Gambling Back to Pre-Pandemic Rates
On Friday, Australian National University released a study about gambling rates in Australia. The study looked at rates before, during, and after the pandemic, focusing on problem gambling rates. As expected, gambling rates among all citizens dropped drastically during the pandemic. However, once restrictions eased, those numbers started to climb.
Now, ANU’s report shows that gambling rates in Australia are back to pre-pandemic levels. According to Aino Suomi, the lead Author at the ANU Centre for Gambling Research, “Once lockdown restrictions began to ease, the gambling participation, as well as gambling risk, tended to increase across all categories, including non-gamblers.”
Online gambling in Australia soared during the pandemic. Spending on online gambling in Australia increased 67% during the pandemic, and some of these players were slow to return to the live venue once restrictions were lessened. This is likely one factor that it took until recently for live casino participation to return to pre-pandemic levels.
Aussies Gambled More Often During the Pandemic
The growth of online gambling led to an increase in the frequency of gambling amongst Aussies during the pandemic. According to ANU’s research, approximately one-third of gamblers created new online casino accounts during the pandemic.
According to the report, “Even with limited access to venues, overall, participants gambled more often during COVID-19.” Part of this is likely to the low-stakes nature of many online casinos. The average player can deposit as little as $10 and play real money online casino games. Live casino players generally spend more per person and thus play less often.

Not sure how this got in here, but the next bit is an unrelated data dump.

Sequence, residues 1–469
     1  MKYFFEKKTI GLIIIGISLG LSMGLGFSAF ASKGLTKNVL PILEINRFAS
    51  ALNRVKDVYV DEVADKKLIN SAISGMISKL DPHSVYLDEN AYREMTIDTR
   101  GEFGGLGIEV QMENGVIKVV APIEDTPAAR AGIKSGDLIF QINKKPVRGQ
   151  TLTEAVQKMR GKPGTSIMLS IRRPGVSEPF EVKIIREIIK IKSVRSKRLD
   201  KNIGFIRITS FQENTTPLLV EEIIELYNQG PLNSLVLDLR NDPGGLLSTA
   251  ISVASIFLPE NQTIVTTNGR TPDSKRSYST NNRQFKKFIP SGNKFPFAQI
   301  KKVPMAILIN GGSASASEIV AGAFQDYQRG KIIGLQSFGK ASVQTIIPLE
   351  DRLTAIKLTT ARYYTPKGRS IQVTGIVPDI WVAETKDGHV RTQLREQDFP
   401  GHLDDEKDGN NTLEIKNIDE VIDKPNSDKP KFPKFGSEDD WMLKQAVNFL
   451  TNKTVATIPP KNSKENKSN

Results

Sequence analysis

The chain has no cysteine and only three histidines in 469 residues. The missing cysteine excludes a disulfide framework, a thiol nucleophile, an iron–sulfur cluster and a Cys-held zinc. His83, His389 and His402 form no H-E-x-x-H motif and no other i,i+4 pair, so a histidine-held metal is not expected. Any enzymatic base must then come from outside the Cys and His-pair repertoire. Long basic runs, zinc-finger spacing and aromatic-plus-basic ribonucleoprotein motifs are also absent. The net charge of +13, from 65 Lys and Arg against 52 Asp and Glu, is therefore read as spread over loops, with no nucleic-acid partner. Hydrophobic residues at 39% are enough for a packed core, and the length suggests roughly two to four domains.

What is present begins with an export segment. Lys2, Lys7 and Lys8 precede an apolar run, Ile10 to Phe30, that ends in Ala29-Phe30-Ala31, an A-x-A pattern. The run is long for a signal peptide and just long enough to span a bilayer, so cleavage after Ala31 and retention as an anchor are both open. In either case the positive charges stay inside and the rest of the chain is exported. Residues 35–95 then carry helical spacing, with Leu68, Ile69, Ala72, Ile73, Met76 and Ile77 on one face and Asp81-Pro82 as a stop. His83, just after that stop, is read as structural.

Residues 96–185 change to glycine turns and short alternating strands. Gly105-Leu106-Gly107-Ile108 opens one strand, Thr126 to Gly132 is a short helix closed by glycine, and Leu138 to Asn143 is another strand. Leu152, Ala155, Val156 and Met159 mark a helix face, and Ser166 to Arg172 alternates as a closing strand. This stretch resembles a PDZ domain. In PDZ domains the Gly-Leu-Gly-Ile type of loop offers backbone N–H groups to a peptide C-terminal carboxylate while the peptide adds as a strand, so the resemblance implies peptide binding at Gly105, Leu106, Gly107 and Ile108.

Of course, the report highlighted the segment of the population that fits the anti-gambling narrative. It shows, “The proportion who gambled four or more times a week increased from 23 to 32 per cent.” Players that gamble four or more times per week are the most susceptible to gambling addiction.
Restricting Access Prevents Harm – But Not for All Gamblers
The report was a bit of a good news, bad news scenario. It highlighted that restricting access to gambling has a net positive effect on problem gambling for those that play at lower-risk levels. This includes those that gamble on pokies or sports betting.
Dr Suomi points out that the results are important as pokies are considered one of the most addictive forms of gambling. However, the report also shows that restricting access did little to stop high-risk gamblers from participating. Those that were not gambling online started to do. This contributes to some of the increase in the problem gambling numbers.
Dr Suomi states that high-risk gamblers need additional support above merely restricting access. He also pointed out that many high-risk gamblers are more prone to sports betting than pokies.
She stated, “The important pattern is that those gambling at risky levels were participating in sports betting at disproportionately high levels pre-, during, and post-pandemic.”
This report highlights what many already knew. If you restrict or remove access to a potentially addictive activity, that will be enough to prevent harm.
However, for those already addicted, removing access tends to be a momentary stumbling block. That is why problem gamblers must receive additional support rather than further restricting the rights of responsible gamblers.